Applying Lean Concept in Agile: Lean-Agile Methodology

Applying Lean Concept in Agile: Lean-Agile Methodology

Lean Agile has been the hottest topic in town for a while. We are familiar with Agile, but what is Lean Agile?

Lean principles were first introduced by Toyota and it was followed only in the manufacturing sector, but it got attention from the software industry after Tom and Mary Poppendieck wrote a book named “Lean Software Development: An Agile Toolkit

Lean-Agile in Software development focuses on 7 key principles:

1. Eliminate Waste:

Nobody works to create waste, but some wastes are obvious that we fail to notice and which can be avoided. Toyota defines three types of waste ‘Muda‘ (meaning unproductive), ‘Mura‘(inconsistency, unevenness) and ‘Muri‘(unreasonableness, over-burden).

In software development the possible wastes are

  • Unnecessary code or functionality
  • Delay in the process
  • Unclear requirements
  • Constantly changing requirements
  • Slow or ineffective communication
  • Partially done work
  • Defects and quality issues
  • Task switching

2. Build Quality In:

Agile methodologies like Scrum, XP, TDD, Pair Programming etc. focuses more on Quality. Simple steps to bring in Quality process in software development include:

  • Constant feedback – Inspect and Adapt
  • Minimize time between stages
  • Frequent integration
  • Automation
  • Test cases, Test Script etc.

Quality is not an act, it is a habit. Quality is everyone’s responsibility and focusing on it reduces cost, time and effort significantly.

3. Create Knowledge:

Knowledge is key in software development. Some of the steps to create knowledge in our environment are

  • Pair programming
  • Code reviews
  • Documentation
  • Thoroughly commented code
  • Knowledge sharing sessions
  • Github
  • Training etc.

4. Defer Commitment:

The term “Defer Commitment” can be easily misunderstood. What it means is to “Decide as late as possible”
Decide as late as possible means to keep your options open for as long as possible and get inputs as much as possible. By the time you need to decide, you will have many possible paths to choose from. That’s the reason in Agile Scrum, sprint planning happens just before the start of Sprint.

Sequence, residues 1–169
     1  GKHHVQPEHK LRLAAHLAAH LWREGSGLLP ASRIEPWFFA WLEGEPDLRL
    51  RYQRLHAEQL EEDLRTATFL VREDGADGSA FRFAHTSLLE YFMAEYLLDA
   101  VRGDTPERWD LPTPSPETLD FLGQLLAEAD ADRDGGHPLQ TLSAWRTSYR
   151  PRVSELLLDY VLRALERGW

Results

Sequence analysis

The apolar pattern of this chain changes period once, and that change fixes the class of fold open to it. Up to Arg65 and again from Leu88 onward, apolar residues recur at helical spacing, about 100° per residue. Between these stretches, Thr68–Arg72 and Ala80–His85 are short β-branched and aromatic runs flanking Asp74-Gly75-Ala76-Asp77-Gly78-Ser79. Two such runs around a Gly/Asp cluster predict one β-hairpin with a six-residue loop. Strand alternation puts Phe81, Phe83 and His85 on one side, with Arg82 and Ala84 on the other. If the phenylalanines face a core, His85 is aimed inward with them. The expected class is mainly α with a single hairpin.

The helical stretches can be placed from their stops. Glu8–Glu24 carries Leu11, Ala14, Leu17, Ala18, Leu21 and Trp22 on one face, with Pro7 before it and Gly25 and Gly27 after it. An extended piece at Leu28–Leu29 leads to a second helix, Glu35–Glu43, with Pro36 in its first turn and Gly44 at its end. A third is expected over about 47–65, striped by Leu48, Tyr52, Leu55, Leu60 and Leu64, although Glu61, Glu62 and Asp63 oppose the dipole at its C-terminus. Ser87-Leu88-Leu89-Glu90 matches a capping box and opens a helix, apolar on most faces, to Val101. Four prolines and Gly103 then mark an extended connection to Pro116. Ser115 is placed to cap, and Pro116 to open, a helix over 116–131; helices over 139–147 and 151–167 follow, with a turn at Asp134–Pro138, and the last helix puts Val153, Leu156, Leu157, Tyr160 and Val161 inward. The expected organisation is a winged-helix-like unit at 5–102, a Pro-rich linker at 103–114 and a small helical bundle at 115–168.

But keep in mind, deciding too late will delay the team and project success will become difficult. In deciding too early there is the likely risk that the plan changes in between due to newer circumstances.

5. Deliver Fast:

Deliver as fast as possible – Speed to market/First mover advantage is undoubtedly a competitive advantage. Instead of over-engineering or enhancing the product in terms of software architecture, design or business requirements, launch a simple product to get feedback from real end users, which can in turn be used to enhance the product.

Simple steps to ensure fast delivery are

  • Have the right people
  • Have right and clear plan
  • Keep product simple
  • Work as a team
  • Eliminate waste
  • Build quality in

6. Empower People:

Empowering people in workplace include:

  • Assign ownership
  • Respond to people promptly
  • Listen attentively
  • Hear opinions
  • Empathy for other views

Empowering people doesn’t mean accepting whatever they say, but trying to discuss pros and cons as a team and make a decision. Important thing is to empower people without losing control of the outcome.

7. Optimize The Whole:

A lean organization seeks to optimize the whole value stream; not just individual people, teams or departments. A team which is organized in such a way that it has everything to deliver has distinct advantages like

  • Responsibility and accountability
  • Leading to better commitment
  • Quality and innovation
  • Team spirit and cooperation
  • Shared goals
  • Better team, Better product, Better organization

It’s good to follow Agile but let’s be better by following Lean Agile.

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Outline/structure of the Session

1. What is lean agile?

2. Key principles of Lean agile

3. How to adopt lean agile?

4. Outcomes of adopting lean agile

Learning Outcome

How to think lean and product better output. 

Target Audience

Business Analyst, Developers, QA, Project Managers

schedule Submitted 4 years ago

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  • Doc Norton
    By Doc Norton  ~  4 years ago
    reply Reply

    Lean Agile doesn't need an introduction. Perhaps a few minutes showing how the lean principles map to agile values and principles, but this will be review for a good portion of the audience.

    What about your Lean Agile adoption experience was unique? What lessons did you learn along the way? What mistakes did you make?

    I think an experience report might be a good route.


  • Vijayanand Nagaraj
    By Vijayanand Nagaraj  ~  4 years ago
    reply Reply

    Hi Arunraj,

    Interesting topic. You ahve done a good corelation of all the agile values, principles, methods and practices with the Lean principles. However, what I miss in your abstract is - What is the new learning I will have apart from what is already written by Tom & Mary Poppendieck in their book.




    • Arunraj R
      By Arunraj R  ~  4 years ago
      reply Reply

      Hi Vijay,


      Thanks for your comments. These are few things which everyone is aware of but we fail to give importance. I was planning to focus on explaining what is lean agile and few activities that could help us in achieving lean-agile. 



      Arunraj R. 

      • Naresh Jain
        By Naresh Jain  ~  4 years ago
        reply Reply

        I would agree with Vijay. We've heard about this concept for at least 10 years now. Would you consider converting this into an experience report and sharing how Lean Agile actually helped your project?